Tuesday, October 25, 2011

California Condor: God of the Skies

Dispensing with the formal greeting today. Moving right on to worship of the Sacred Thunderbird.

First, a little navel-gazing.

I have worshiped vultures since I was a teenager. For many years (and even now) this religious devotion has run parallel to whatever other deities I praise and worship. However, having achieved the wisdom of a half century, I now choose to center my most important devotions around Vulture.

This puts me more within the Native American worldview than the European. There are numerous songs and dances, stories and Rituals, surrounding the Peace Eagle (aka Vulture) among Native American groups all across America. Especially in the Pacific Northwest, where the California condor was once widespread and majestic (wingspan of 10 feet -- think about it).

EXHIBIT A: GOD

In 1984 I went to the San Diego Wildlife Park, where a captive breeding program had begun for California condors. I wrote an article about the efforts for the Detroit Free Press. Since I had a press pass, the biologists let me go see the "Condorminium." It was a huge, netted area where they kept the condors they were trying to breed.

Needless to say, even a glimpse of these deities from afar, in a flight cage, had immense meaning for me. (We couldn't go close, because the biologists didn't want the condors to become used to people.) Mr. Johnson could hardly live with me for weeks thereafter. Rapture? Forget about Rapture! Give me a Raptor!

At its lowest point of population, the California condor dipped to just 27 individuals. They were rounded up and kept in San Diego. Some creatures might not like being in a flight cage, but the condors are pretty happy with their dependable supply of carcasses. They have been making whoopie for 25 years.

We can be cautiously optimistic about this deity. The Sacred Thunderbird of California now is represented by approximately 400 individuals, some of them in the wild. They have been released in the Grand Canyon, where there are no power lines or hunters. Efforts are underway, partly funded by the Yurok Indians, to release condors in the woods of the Pacific Northwest, where carcasses are abundant and there are traditions of condor Ritual worship.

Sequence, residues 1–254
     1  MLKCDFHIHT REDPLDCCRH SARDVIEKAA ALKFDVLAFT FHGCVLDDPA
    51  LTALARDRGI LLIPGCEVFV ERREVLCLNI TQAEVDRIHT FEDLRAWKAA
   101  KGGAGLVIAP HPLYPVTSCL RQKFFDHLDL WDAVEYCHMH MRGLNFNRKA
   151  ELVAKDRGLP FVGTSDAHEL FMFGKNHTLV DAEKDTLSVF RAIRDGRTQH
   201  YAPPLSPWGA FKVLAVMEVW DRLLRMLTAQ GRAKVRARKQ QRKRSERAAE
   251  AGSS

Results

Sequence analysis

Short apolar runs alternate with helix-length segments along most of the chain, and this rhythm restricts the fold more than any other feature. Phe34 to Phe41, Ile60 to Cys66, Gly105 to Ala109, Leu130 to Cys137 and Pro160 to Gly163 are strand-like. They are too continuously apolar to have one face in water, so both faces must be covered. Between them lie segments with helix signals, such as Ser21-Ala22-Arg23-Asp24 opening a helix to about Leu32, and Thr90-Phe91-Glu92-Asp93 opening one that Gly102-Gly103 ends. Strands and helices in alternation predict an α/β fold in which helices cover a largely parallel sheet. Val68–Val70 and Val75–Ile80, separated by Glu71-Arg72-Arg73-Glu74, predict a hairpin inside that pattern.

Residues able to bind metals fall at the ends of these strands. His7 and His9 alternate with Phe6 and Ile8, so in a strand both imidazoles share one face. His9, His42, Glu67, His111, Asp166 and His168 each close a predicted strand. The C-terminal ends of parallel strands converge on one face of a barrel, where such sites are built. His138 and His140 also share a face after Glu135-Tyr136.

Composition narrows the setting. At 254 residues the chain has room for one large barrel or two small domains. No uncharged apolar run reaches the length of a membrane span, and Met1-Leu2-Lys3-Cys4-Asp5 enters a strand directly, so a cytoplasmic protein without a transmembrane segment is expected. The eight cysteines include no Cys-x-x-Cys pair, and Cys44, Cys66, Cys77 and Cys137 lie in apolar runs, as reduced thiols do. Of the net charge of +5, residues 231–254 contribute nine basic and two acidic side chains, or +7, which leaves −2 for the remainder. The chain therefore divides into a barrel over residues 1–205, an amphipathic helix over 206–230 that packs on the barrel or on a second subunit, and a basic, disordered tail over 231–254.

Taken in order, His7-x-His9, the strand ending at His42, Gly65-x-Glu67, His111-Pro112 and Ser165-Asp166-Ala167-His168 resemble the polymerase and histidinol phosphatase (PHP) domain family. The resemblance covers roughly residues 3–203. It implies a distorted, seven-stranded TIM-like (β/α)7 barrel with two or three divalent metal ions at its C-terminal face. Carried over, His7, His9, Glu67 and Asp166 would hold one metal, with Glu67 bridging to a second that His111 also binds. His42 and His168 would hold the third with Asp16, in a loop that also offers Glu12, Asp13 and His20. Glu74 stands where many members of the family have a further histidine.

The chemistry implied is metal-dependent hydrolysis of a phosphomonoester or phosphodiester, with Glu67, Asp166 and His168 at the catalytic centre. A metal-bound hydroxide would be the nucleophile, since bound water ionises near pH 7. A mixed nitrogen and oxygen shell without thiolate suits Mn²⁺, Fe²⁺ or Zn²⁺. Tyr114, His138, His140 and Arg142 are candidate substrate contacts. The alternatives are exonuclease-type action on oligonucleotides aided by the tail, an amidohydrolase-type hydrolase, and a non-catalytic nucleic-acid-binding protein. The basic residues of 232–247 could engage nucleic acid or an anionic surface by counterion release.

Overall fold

Angels and faeries are purported to be able to fly. Vultures can do it visibly and gracefully. No skeptical atheist can scoff at the flight of Vulture. It is magnificent.

None of us will live to see a California condor pair soar over our heads in the rugged wilds of America. But it's a comfort to me to know that the species is making a comeback.

Honestly, think about it. If you looked up and saw a bird with a ten-foot wingspan glide silently past, wouldn't you feel that you were in the presence of something greater than yourself?

I can ony speak for myself, but ... As for me and my house, we will worship Vulture.

Congress shall make no law respecting the establishment of religion, or prohibiting the free exercise thereof. First clause of the First Amendment of the Bill of Rights of the United States Constitution.

Hail Vulture, the visible Higher Power!

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4 Comments:

At October 25, 2011 , Blogger Debra She Who Seeks said...

It's always wonderful to read of any species making its slow comeback from near extinction. Long may the condors make whoopie and soar!

 
At October 25, 2011 , Anonymous Rhonda in WNC said...

We drove up the Pacific Coast Highway a few years ago, from LA to San Fran. Saw a condor flying overhead in the Big Sur. Felt extremely blessed.

Condor Reintroduction Program has some videos & other info about condors in the Big Sur.

 
At October 25, 2011 , Anonymous BellaDonna said...

I live in California, and would LOVE to live long enough to see wild Cali Condors fly over my head! But I'm happy knowing they are at least on their way.

Thanks for the update, from one Vulture lover to another!

 
At November 01, 2011 , Anonymous Claire-Marie said...

There are a few condors living in Partington Cove in Big Sur. Last winter my friend and I parked on the side of the road and walked down to the cove. If you're in the area, just visiting the cove is worth the stop. And if you're lucky, as we were, you will see one or two soaring overhead.

And that one, blessed, day, when I was in an outdoor bathtub on the top of Partington Ridge, a condor soared by just at my height, about 1300 feet above the sea. And it sang. I sounded like a croaking crocodile, but I heard a condor song.

 

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